Citing an obvious concern from citizens about changes to gun laws, law enforcement officials say they were hit hard in 2012 with applications for permits to purchase a firearm.
And if the first week of 2013 is any indication, the interest in being able to buy, and carry, a firearm is going to continue to grow.
"The numbers don't lie," said Northfield Interim Police Chief Chuck Walerius. "We are definitely seeing more applications, much more so than in other years. I would say changes in the laws had something to do with that."
Walerius said his department saw 103 applications in 2012, up from 49 in 2011. Faribault Police saw 71 more permit to purchase applications last year than they did in 2011. The Waseca County Sheriff's Office shows the number of gun permits issued was up by 115 in 2012. In 2011 they had 220 and in 2012 they received 335.
The Northfield Police Department didn't track permits month-to-month, but at the Rice County Sheriff's Office, 58 permits were approved and handed out during December alone. Faribault police issued 35 permits to purchase that same month. Though neither Faribault nor the county tracked permit data month-by-month before 2012, officials from both say the increase compared to past Decembers was significant.
Local law enforcement officials agreed that the increase was likely at least partly attributable to people concerned about a possible federal ban on assault weapons. Walerius said that while he had not studied Northfield's permit applications in any detail, he noted that when he was in Cabela's in Owatonna before Christmas, the outdoor store was sold out of assault rifles.
"From a police perspective, the numbers in general concern me," Walerius said. "It puts more weapons out there that might fall into the hands of the wrong people."
Immediately following the Newtown massacre in which 20 school children were shot and killed by a gunman armed with an assault rifle, members of Congress began talking about an assault rife gun ban. Recently, Vice President Joe Biden has been in discussion with congressional leaders and the gun lobby about possible executive orders and/or legislation.
That doesn't sit well with Northfielder Jim Ingham, who believes more gun control would be a violation of his Constitutional rights at the very least.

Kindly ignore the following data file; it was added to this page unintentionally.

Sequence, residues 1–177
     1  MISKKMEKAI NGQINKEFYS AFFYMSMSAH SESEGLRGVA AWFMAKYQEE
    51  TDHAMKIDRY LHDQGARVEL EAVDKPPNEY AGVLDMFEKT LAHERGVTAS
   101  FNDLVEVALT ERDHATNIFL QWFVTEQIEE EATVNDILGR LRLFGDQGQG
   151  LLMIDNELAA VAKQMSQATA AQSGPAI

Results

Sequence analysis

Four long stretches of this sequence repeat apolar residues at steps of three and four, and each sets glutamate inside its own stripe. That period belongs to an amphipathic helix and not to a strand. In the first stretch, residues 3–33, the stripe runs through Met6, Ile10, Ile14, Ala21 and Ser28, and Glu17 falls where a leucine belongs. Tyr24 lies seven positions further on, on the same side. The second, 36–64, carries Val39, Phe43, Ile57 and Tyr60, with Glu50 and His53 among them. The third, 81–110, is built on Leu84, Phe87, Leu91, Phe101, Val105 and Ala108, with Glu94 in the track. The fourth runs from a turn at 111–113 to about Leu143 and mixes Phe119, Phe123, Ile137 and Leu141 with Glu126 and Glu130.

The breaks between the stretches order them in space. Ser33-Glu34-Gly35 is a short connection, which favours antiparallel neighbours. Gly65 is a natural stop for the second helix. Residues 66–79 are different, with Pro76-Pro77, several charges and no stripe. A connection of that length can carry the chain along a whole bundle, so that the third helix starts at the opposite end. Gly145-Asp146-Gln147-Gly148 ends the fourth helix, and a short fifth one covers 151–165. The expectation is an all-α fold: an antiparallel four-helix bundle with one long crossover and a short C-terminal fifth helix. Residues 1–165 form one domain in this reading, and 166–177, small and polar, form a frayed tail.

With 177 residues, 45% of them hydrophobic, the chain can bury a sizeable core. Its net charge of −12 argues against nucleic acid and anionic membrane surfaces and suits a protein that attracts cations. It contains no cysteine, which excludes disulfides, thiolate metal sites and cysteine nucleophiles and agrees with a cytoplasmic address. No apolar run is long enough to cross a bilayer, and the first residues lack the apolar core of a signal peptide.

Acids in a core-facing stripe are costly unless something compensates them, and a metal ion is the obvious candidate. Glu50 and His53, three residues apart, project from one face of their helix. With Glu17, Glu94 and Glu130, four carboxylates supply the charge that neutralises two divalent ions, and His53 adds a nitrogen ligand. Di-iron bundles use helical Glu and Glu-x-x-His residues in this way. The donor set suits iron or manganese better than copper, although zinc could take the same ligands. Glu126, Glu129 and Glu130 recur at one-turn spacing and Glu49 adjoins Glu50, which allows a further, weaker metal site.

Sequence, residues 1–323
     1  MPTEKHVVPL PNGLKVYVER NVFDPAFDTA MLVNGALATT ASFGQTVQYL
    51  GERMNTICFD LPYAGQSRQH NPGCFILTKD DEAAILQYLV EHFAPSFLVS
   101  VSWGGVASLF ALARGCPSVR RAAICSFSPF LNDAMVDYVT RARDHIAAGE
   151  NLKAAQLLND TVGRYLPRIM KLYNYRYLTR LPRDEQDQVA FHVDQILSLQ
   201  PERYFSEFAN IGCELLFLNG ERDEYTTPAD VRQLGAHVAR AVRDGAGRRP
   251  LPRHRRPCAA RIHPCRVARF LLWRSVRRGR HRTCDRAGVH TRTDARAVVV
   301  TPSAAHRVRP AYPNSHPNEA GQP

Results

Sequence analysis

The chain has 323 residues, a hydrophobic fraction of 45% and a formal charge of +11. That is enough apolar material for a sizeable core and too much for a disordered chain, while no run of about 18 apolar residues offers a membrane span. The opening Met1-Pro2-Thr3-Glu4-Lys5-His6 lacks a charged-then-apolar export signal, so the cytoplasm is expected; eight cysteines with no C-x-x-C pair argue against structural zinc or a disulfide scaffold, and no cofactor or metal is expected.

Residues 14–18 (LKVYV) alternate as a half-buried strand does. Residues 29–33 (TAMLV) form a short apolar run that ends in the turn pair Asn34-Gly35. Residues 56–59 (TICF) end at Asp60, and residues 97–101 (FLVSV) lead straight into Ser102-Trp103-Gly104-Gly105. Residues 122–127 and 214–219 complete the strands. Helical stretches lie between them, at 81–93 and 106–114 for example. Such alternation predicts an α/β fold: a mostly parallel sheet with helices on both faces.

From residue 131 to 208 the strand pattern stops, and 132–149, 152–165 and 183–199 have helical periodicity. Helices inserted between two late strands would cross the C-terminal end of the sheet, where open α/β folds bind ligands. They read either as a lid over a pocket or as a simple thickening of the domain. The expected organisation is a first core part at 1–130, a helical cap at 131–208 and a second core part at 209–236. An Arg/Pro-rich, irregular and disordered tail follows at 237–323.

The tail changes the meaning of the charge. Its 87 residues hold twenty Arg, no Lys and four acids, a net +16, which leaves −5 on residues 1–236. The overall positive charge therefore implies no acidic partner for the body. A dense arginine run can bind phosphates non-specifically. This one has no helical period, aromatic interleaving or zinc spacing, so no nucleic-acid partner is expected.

"I want to have things in order if it does change, partly because of what is going on, but mostly because we have the right to keep and bear arms," said Ingham, who recently applied for a conceal and carry permit. "If it starts with assault rifles, where will it end?"
Besides, Ingham said, enacting laws that are more strict isn't the answer because criminals rarely abide by the law anyway.
"Only law-abiding citizens will obey gun laws. The criminals will not," he said. "The only thing it will do is make it harder for law-abiding citizens to enjoy guns as a form of recreation."
Permits to carry, which require a training session and approval from the county sheriff, have now more than tripled in Rice County since 2007, when just 97 were issued.
A total of 334 were issued in 2012.
"Some of the people who have come in for a permit to carry told me, 'I don't know if I'm ever going to carry it, but just in case,'" Rice County Sheriff Troy Dunn said. "They wanted it all done legally, just to be prepared."
A total of 307 permits to purchase were issued by the sheriff's office in 2012, though no data was kept in previous years to which to compare. In Waseca County, permits to carry rose by six -- 66 in 2011 and 72 in 2012.
Larry Ahlman, owner of Ahlman's gun shop in Morristown, said he saw a jump in attendance in the business's estimated 25 gun courses held in 2012. The classes range from "first shots" for people who have never fired a gun before, to advanced training for law enforcement.
While Ahlman confirmed an increase in sales for last year, he said the sales are following a trend that began when Barack Obama was elected president four years ago. He also agreed that activity increases when changes to gun laws are brought to the forefront.
"People fear the government more than anything," he said. "I think there are two factors that are tossed around a lot -- that government will disarm them and that crazy people are going to attack their families."
Although data would show that more people are buying firearms than ever before, law enforcement said those people who take the appropriate steps aren't the ones they worry about.
"If people are doing things for the right reasons and following the rules, great," Dunn said. "The people I think we have to worry about are the ones who break into homes and steal, who go about things the wrong way."
Bohlen said he hopes to see some "common sense bipartisan discussion" on gun legislation, though he believes in the Second Amendment.
"Law abiding citizens should have that right, but they need to be secured, they need to follow the rules," said Faribault Police Chief Andy Bohlen. "There do need to be some changes to better understand people with a mental illness. You do have to disclose on the application if you've ever been committed to a mental health facility, but there are still some holes in the system."
Managing Editor Jaci Smith contributed to this report. Reach reporter Rebecca Rodenborg at 333-3128, or follow her on Twitter.com @FDNRebecca. Northfield News managing editor Jerry Smith also contributed to this story.